When Syrian children began washing ashore on Europe's beaches, I took a long hard look at our office-slash-dining room and considered the new Ikea sofa sleeper we had just purchased on clearance. How fortuitous, I thought. We could fit a family of three in here! It took about 30 minutes of negotiations with Matt before I remembered our own precarious immigration status and that our landlord might not be too thrilled with my knee-jerk decision to house a refugee family.
This week, again, I find myself looking at my means, our position and freedoms, the state of the world. Paris burned and Lebanon groaned and today Nigerians wake up again to mourning. My dear cousins work and live in inner city Chicago where gun violence and a culture of systemic poverty (not to mention police aggression and corrupt bureaucracy) have left 396 people dead in the last 10 months.
And America breaks my heart all over again, with governor after governor refusing to even entertain the possibility of resettling Syrian refugees. They're executive-ordering all over the place, men and women who know very well the lengthy and stringent policy ALL refugees must go through before resettling in the US. Still, they (and a shameful chorus-line of republican presidential nominees) continue to propagate fear and prejudice.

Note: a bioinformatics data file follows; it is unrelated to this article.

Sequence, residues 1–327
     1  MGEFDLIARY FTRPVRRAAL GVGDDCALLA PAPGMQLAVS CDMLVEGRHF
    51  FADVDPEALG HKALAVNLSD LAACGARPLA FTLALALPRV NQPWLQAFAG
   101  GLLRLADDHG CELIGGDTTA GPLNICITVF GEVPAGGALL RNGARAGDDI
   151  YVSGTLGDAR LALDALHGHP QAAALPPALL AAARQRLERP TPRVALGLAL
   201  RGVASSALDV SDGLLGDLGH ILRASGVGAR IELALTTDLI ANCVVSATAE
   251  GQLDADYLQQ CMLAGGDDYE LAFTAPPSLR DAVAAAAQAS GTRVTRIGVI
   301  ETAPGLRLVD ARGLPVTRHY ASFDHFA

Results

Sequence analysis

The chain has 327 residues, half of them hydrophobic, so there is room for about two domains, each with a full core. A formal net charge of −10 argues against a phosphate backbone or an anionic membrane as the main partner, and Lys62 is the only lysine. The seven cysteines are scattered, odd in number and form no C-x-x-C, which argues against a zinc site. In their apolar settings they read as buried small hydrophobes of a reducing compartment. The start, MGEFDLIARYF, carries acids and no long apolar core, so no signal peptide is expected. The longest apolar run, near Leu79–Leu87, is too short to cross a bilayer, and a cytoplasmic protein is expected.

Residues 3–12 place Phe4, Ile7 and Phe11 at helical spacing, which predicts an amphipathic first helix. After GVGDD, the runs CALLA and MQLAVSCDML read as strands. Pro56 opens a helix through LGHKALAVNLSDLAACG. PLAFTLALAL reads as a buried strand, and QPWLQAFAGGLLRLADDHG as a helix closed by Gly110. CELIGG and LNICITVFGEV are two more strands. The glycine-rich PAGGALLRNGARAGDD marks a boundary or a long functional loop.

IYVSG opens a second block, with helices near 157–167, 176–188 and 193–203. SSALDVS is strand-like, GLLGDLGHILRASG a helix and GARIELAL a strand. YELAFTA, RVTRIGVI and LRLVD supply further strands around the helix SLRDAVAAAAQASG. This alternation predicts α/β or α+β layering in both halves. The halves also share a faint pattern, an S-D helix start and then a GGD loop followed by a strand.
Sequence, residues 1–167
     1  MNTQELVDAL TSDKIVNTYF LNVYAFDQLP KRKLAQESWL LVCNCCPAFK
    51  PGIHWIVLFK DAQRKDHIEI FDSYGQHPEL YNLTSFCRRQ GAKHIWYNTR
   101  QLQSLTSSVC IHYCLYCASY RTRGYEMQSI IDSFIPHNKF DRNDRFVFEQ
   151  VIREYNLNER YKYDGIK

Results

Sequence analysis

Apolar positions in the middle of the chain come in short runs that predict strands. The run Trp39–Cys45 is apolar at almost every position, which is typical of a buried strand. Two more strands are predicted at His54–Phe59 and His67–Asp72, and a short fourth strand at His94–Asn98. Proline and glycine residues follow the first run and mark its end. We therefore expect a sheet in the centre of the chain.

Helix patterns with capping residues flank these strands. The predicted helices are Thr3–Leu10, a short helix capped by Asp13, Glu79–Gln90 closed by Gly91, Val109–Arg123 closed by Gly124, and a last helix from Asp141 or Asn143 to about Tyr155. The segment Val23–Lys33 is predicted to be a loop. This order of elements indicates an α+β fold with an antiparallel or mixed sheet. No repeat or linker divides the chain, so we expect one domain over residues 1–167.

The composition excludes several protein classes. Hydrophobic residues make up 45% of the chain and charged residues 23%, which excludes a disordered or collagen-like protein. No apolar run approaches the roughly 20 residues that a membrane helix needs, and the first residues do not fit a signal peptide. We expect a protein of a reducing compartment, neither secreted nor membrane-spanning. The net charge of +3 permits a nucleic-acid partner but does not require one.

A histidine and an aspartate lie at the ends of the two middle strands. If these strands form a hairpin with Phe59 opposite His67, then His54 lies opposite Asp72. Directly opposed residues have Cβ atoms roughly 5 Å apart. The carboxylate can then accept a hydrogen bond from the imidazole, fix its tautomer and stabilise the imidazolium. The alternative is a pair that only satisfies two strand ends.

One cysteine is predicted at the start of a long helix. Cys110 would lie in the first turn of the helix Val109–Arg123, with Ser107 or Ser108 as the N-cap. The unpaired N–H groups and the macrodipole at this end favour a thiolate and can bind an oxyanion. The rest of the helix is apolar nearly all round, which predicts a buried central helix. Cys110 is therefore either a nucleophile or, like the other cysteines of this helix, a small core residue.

It's for you, it's for us, they say. We must protect our people and preserve our way of life.
Now how exactly can I touch that with a ten-thousand-mile pole?
The curse of the average stay-at-home mom, the kid in school, the lower income family with a stake in the world is that we feel powerless, unable to affect anything. We watch the news and shake our heads, we cry and pray that those in leadership, those with power will do what's right. We trust others to affect change because who are we? I left America, some might argue. Who am I to call it to account? Will you let a homeless man, a prisoner, a terrorist, a murderer into your home, they ask.
Well, no. I won't. And neither will you. In fact, no one is asking anyone to do that.
But what can we do when we don't know what to do? How do we fight against the temptation to feel helpless, to dwell in hopelessness? What do our every day decisions do to change or help anything, just one. tiny. thing?
Um... I don't really know. But here's what I'm starting: a few small action points that help me not feel so crappy about everything all the time, to fight against fear and despair, to stem the flow of shame and bitterness. It's a start. And you can do it, too.
Read your local newspaper and ask people who are in the know for recommendations. Read from a variety of news sources and NGO's. Here's just a smattering of articles filled with facts to combat fear-mongering.
- 3 important facts about how the U.S. resettles Syrian refugees
- Syrian Passport by Stadium Stolen or Fake, A.F.P. Reports
- David Miliband: Don’t Conflate Terrorists With Refugees
- How America's screening of Syrian refugees works
- The Islamic State wants you to hate refugees
- Photographer captures haunting images of Syria's lost children